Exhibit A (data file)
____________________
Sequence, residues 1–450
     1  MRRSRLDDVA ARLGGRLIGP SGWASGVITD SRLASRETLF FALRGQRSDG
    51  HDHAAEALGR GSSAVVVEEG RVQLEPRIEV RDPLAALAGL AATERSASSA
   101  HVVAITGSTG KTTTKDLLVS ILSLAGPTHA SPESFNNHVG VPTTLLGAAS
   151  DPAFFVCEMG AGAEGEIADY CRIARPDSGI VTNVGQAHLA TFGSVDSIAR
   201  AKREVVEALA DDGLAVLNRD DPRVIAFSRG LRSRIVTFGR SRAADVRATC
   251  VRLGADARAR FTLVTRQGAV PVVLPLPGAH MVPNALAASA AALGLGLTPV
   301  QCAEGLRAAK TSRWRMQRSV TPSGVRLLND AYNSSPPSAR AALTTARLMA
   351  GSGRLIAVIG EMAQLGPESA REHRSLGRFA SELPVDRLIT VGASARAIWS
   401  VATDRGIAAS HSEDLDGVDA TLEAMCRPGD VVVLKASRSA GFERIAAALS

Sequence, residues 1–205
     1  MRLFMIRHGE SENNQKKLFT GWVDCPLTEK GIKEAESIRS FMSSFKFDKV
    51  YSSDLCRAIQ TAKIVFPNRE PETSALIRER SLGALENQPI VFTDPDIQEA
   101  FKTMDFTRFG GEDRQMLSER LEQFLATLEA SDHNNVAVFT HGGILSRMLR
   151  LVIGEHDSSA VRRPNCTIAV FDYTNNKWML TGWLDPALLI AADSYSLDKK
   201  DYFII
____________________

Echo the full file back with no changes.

Sequence, residues 1–450
     1  MRRSRLDDVA ARLGGRLIGP SGWASGVITD SRLASRETLF FALRGQRSDG
    51  HDHAAEALGR GSSAVVVEEG RVQLEPRIEV RDPLAALAGL AATERSASSA
   101  HVVAITGSTG KTTTKDLLVS ILSLAGPTHA SPESFNNHVG VPTTLLGAAS
   151  DPAFFVCEMG AGAEGEIADY CRIARPDSGI VTNVGQAHLA TFGSVDSIAR
   201  AKREVVEALA DDGLAVLNRD DPRVIAFSRG LRSRIVTFGR SRAADVRATC
   251  VRLGADARAR FTLVTRQGAV PVVLPLPGAH MVPNALAASA AALGLGLTPV
   301  QCAEGLRAAK TSRWRMQRSV TPSGVRLLND AYNSSPPSAR AALTTARLMA
   351  GSGRLIAVIG EMAQLGPESA REHRSLGRFA SELPVDRLIT VGASARAIWS
   401  VATDRGIAAS HSEDLDGVDA TLEAMCRPGD VVVLKASRSA GFERIAAALS

Sequence, residues 1–205
     1  MRLFMIRHGE SENNQKKLFT GWVDCPLTEK GIKEAESIRS FMSSFKFDKV
    51  YSSDLCRAIQ TAKIVFPNRE PETSALIRER SLGALENQPI VFTDPDIQEA
   101  FKTMDFTRFG GEDRQMLSER LEQFLATLEA SDHNNVAVFT HGGILSRMLR
   151  LVIGEHDSSA VRRPNCTIAV FDYTNNKWML TGWLDPALLI AADSYSLDKK
   201  DYFII